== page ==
“Where are you from?”  I asked her naively.  Beatrice had no patience for such obvious small talk.  She simply covered my mouth, placing her lips on her own hand and feigned kissing me for the first time.  Our eyes locked, and from then on, she had the only key to open them.

“How crazy does a girl have to be before you’ll mistake her for being complex,”  T asked, when I finally told her about my first date with Beatrice.

I hardly heard her.  I was lost in thought about how Beatrice had designed a scar map on my skin.   “What is this one from?”  She’d say, then guess before I could say anything, “Is this where you accidentally stabbed yourself with a pocket knife while trying to split a candy bar for your first girlfriend?”

“No.  I walked through a sliding glass door at a party.   A little embarrassing, but no big deal.”

She then took out a pen and wrote the story of each scar in various patterns surrounding that particular scar.  When I ran out of scars she drew a line to intersect the scars across my entire naked body.  Perhaps the whole ‘pie chart your wounds’ experiment was just one of her common tricks for undressing a girl.  Maybe she was telling the truth when she swore she had never done it before.  Either way, she had seduced me within ninety minutes of our first date.  After we had sexually exhausted every square inch of of my hardwood floors we had our first conversation.  It didn’t seem to differ much from the act of sex.  She’d start by affectionately teasing me.  Then she’d say something much too smart and I’d feel her beginning to get inside me.  The only thing more dangerous than a sexy woman, is a bright, sexy woman carrying a french baguette.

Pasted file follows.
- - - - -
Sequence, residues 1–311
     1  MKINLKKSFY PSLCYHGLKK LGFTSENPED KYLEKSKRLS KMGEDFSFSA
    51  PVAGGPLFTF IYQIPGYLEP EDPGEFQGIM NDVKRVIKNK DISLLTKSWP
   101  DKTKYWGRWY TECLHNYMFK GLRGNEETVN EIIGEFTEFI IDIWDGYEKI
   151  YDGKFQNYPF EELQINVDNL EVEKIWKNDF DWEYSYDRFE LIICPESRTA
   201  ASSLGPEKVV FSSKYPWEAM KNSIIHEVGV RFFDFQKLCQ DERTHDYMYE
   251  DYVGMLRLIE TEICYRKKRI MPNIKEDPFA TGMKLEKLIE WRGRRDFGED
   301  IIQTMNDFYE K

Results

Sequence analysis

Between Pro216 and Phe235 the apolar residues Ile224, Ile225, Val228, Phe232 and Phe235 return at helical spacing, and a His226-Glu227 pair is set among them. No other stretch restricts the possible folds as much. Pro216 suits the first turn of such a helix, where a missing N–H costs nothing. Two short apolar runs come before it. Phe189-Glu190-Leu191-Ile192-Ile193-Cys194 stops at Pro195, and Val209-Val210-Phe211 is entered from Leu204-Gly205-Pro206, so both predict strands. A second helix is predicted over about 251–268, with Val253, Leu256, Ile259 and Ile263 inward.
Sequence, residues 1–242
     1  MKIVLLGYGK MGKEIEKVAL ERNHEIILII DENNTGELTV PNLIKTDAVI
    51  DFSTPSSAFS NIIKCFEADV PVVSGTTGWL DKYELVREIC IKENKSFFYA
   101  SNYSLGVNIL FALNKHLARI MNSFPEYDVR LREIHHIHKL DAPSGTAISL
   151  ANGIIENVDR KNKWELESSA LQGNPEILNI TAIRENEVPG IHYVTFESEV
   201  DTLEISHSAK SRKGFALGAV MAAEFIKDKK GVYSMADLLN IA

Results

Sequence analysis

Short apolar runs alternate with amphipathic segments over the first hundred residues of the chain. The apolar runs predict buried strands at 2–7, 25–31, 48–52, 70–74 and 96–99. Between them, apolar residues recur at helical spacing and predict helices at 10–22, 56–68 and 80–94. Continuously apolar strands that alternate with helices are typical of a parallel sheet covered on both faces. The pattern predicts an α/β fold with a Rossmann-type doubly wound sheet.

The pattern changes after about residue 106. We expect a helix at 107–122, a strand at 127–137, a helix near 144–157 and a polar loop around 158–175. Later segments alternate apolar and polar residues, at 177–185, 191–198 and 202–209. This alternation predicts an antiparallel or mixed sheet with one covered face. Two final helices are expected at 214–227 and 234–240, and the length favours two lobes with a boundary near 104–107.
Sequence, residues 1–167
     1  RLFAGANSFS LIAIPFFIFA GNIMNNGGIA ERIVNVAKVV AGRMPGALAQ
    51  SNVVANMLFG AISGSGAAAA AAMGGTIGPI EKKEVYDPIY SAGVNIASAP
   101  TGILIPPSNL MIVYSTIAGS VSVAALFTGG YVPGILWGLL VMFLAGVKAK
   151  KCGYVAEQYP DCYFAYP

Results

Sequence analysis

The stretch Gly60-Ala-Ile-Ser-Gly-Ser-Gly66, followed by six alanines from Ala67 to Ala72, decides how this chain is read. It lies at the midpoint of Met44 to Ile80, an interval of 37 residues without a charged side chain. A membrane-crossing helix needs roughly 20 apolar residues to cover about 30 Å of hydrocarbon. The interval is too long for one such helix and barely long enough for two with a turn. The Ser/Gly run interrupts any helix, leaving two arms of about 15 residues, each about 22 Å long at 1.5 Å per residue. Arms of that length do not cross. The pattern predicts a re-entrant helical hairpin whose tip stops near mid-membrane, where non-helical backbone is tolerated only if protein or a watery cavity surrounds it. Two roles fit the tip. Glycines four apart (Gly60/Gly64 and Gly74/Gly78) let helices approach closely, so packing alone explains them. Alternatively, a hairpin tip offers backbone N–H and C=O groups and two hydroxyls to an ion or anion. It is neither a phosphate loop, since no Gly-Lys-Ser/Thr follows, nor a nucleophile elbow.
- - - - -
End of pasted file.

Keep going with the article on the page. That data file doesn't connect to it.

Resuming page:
Beatrice and I were together just long enough for me to completely forget who I was.  Perhaps she left me so that I could remember.  More likely, because I had forgotten in the first place.  Many dreamless nights after our eight month relationship had ended, I realized that the most we had in common was that we were both madly in love with her.  One of us would surely have to move on.

“Enough fond reminiscence.”  T said as she smacked her cocktail down in front of me.   She leaned down dramatically as if preparing to bestow some gem of wisdom upon me, “One day,” she began, “some incredible dame is gonna saunter into your life, and you’re not gonna get you’re feelers hurt.  Then what’ll you do?”

“I’ll cross her bridge when I come to her.”  I said, as I raised my glass to hers with a clink.

Something caught my eye at the end of the bar.  I glanced sideways non-chalantly to spot a lovely woman glowing like a bug zapper in the corner.   I smiled at her.  She was already smiling.  She boldly approached me and sat down next to me.  I considered it might be my lucky night until I noticed some delicate henna stained connect-the-scars handy work serpentining down her arms.

“How long does the henna stay on your skin?”  I asked her casually.

“Forever, I hope.” She said, lost in thought and tracing the lines with her finger.

“I’ll give it eight months,” said T, under her breath.